Quite a lot of the apps were of course built for the original Pebble, which means they don’t make use of the Time’s glorious multicolour experience. Still, at least the old apps actually work, giving you a reasonable selection of stuff straight out of the blocks.

You can assign your two favourite apps to the top and bottom buttons on the Time’s side – just long-press them instead of tapping them to jump straight into those apps. I found it was useful to stick notifications on the top button, so I could quickly access recent messages, while the bottom button was my shortcut to the music remote.


One of the only frustrating parts of the Pebble Time is the way your notifications are handled, and although it’s never quite annoying enough to make me want to quit the Time, it does detract from an otherwise solid experience.

For a start, when you get an email and check it out on your watch, the Time will only show you the first hundred words or so. To read the rest, you’ll need to open it on your phone. Secondly, you can’t delete your mails directly through your watch. Again, you’ll need to trash spam through your phone, or else let it linger in your inbox.

Text messages – or rather, long text messages – are also handled in a bizarre manner. If an SMS stretches over more than one message (like pretty much every message I seem to receive these days, with unlimited messaging a common thing in contracts), then the Time separates it into more than one message. Which means you’ll often read the second half of a message before the first, and get really confused.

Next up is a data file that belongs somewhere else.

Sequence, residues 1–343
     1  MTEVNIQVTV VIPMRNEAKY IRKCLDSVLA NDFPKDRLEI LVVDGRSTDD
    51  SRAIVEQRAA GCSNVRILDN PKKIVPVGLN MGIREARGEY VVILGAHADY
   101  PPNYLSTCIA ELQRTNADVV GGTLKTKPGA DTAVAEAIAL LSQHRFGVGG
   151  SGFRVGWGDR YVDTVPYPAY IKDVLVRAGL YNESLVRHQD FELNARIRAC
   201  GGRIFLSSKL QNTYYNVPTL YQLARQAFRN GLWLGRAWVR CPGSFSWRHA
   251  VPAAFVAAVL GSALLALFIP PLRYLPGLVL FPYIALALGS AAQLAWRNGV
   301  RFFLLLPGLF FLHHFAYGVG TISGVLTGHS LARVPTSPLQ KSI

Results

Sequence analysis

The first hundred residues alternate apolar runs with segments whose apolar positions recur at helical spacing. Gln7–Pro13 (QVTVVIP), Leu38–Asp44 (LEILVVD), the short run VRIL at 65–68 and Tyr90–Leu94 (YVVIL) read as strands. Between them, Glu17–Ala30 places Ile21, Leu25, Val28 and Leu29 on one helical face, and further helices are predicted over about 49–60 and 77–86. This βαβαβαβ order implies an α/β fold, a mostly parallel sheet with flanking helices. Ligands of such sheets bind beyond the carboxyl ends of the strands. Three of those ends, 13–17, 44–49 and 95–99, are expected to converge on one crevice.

I found plenty of other irritations too, such as the way you can’t clear just one notification from the Time’s list (you need to clear them all in one go). However, to avoid turning this review into a War & Peace epic, I’ll end now with a simple conclusion: the notifications handling could be an awful lot better.

I did try using a separate app (Awear) to manage notifications instead, which actually gives you greater control. However, I found that Awear sometimes took ages to access my messages and even fell over once or twice on the Time, so I gave up and, with a heavy heart, reverted back to the default notifications app.

Another new feature in the Pebble Time is a built-in mic, which allows you to quickly respond to messages using just your voice – handy if you’re on the move and don’t have a relevant template set up. It’s impressively accurate, even understanding (although sadly censoring) curse words.

Battery Life

To get back to the positive vibes, the Pebble Time’s battery life is the best of any wearable I’ve tested so far. With five days of pretty heavy use, I still have a third of the Time’s juice remaining. That means I’ll easily make it through the week as estimated before I need to dock the watch and power it up again.

Sadly the Time doesn’t use a standard micro USB connection, opting instead for a proprietary connector. That means you’ll need to pack the cable with you when you head on your travels, rather than doubling up with your phone charger.


The Pebble Time is a really good all-purpose smartwatch that has two main advantages over most other wearables. Namely, it can connect to both iOS and Android handsets and it has really good battery life.

That all-colour screen and other new features like the built-in mic make it a worthy upgrade for existing Pebble owners, although the ropey notifications support is a bit of a passion dampener – here’s hoping it can be sorted in a quick update.

The Pebble Time can be pre-ordered right now for £179 on Pebble’s website. It works with iPhone 4s and above, running iOS 8, as well as Android devices running 4.0 and later.


Screen size1.25-inches
Screen resolution144x168
OSPebble OS
CompatibilityAndroid 4.3 (or newer), iOS 8 (or newer)
Bonus featuresWater resistant, alarm, week-long battery life


Leave a Reply

Your email address will not be published. Required fields are marked *